Yellow fever is a virus transmitted by the Aedes aegypti mosquito. It spreads between humans through the bite of an infected mosquito. Globally, the disease affects about 200,000 people each year. Scientists have searched for numerous ways to eliminate this disease, but there is no cure. While there is no way to eradicate yellow fever right now, researchers are still studying it and seeking possible solutions today.
Types of Yellow Fever
There are three main types of this illness:
- Sylvatic Yellow Fever: This occurs when the disease passes from monkeys infected by wild mosquitoes to humans.
- Intermediate Yellow Fever: The most common type of outbreak in modern Africa. It results from semi-domestic mosquitoes when they are present in an area highly populated with humans.
- Urban Yellow Fever: Occurs when the Aedes aegypti species transmits the virus between humans, without transmission via other primates.
Origin of Yellow Fever
Yellow fever likely originated in Africa and came to the Western Hemisphere in the 1600’s due to the slave trade.
Many people who become ill will experience no symptoms or mild ones. However, others may have a fever, muscle pain, headache, nausea, and vomiting. Few people develop a life-threatening form of yellow fever involving high fever, internal bleeding, vomiting of blood, and jaundice (yellowing of the skin, whites of the eyes, and mucous membranes).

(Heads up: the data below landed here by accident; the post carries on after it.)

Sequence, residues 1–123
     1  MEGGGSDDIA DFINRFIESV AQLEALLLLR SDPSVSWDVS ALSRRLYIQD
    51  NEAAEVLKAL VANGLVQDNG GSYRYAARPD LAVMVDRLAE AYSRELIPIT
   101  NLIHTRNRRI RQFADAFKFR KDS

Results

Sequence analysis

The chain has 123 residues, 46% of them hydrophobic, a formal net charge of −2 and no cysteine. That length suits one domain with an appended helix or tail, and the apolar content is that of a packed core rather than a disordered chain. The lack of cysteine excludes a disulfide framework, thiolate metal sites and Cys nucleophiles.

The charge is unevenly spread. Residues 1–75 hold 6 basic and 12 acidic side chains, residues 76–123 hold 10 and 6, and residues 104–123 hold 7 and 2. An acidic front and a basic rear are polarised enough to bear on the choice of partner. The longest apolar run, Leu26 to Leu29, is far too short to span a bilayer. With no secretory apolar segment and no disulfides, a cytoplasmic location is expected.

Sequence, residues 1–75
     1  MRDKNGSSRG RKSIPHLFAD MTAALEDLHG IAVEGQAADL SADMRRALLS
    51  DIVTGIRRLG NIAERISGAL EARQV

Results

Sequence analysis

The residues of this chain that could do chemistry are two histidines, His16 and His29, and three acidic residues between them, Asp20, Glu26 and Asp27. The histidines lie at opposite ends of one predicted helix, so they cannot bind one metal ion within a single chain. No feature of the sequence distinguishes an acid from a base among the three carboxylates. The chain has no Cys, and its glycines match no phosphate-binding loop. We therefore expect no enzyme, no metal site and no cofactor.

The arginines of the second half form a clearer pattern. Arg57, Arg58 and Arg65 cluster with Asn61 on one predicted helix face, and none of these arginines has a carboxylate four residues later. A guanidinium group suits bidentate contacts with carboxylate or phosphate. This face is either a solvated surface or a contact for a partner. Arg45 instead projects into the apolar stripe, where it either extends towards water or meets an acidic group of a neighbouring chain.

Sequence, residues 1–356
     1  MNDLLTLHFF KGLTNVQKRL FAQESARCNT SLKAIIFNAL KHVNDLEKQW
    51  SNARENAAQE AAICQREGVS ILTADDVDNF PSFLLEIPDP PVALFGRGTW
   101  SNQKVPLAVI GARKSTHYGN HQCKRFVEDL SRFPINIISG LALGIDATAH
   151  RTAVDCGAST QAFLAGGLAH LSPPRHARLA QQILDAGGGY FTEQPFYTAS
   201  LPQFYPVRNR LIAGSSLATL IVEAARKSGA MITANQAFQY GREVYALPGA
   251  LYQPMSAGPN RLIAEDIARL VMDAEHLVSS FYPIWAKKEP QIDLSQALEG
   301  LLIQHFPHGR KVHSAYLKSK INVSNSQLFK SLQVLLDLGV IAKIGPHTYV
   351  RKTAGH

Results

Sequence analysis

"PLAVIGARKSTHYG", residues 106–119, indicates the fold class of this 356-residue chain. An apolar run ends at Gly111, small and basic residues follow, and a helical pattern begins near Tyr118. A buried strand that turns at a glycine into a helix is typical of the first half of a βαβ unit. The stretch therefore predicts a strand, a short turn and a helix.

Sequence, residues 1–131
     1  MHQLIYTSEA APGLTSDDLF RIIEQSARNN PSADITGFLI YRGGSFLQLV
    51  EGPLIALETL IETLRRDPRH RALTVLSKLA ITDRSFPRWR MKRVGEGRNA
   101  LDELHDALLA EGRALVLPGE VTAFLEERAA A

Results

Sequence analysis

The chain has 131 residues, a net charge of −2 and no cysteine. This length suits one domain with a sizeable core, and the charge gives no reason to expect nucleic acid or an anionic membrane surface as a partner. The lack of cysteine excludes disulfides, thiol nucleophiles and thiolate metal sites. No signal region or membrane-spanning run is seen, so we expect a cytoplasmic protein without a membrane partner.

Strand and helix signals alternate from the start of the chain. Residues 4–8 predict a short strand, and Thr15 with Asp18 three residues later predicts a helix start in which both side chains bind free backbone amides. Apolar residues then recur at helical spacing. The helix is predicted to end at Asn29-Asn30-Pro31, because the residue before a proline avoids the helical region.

There is no cure for yellow fever, and treatment consists of ways to help people feel more comfortable until the illness runs its course. Many patients recover after 3-4 days of symptoms, but others might enter a second phase which includes the dire symptoms. Half of the people who enter the second phase will likely die, so vaccination is crucial.
The live-attenuated vaccine has proven to be safe and effective. There is lifelong protection offered from one shot within 30 days of immunization in 99% of the people who receive it. However, production of it can be slow sometimes and lead to low vaccine supply for high-risk regions.
In modern research, more focus applies to intervention planning. The goal is to prevent more large and deadly outbreaks. Some researchers examine laboratory and epidemiology data to build models that assess vaccine impact. Others are developing methods to predict yellow fever epidemics. Climate change (notably warming) has increased the spread of mosquitoes carrying yellow fever. Scientists aim to prevent large outbreaks so that yellow fever does not become the next pandemic with more research.
Traveling to a region with yellow fever? Get protected with Passport Health. Call or book online to schedule your yellow fever vaccination appointment today.
Written for Passport Health by Shelbi Jackson. Shelbi is a freelance writer from Illinois. She enjoys writing about various topics from health care to music and book reviews. In her free time, you can find her at a live event, taking a stroll outside, or playing with the family dogs.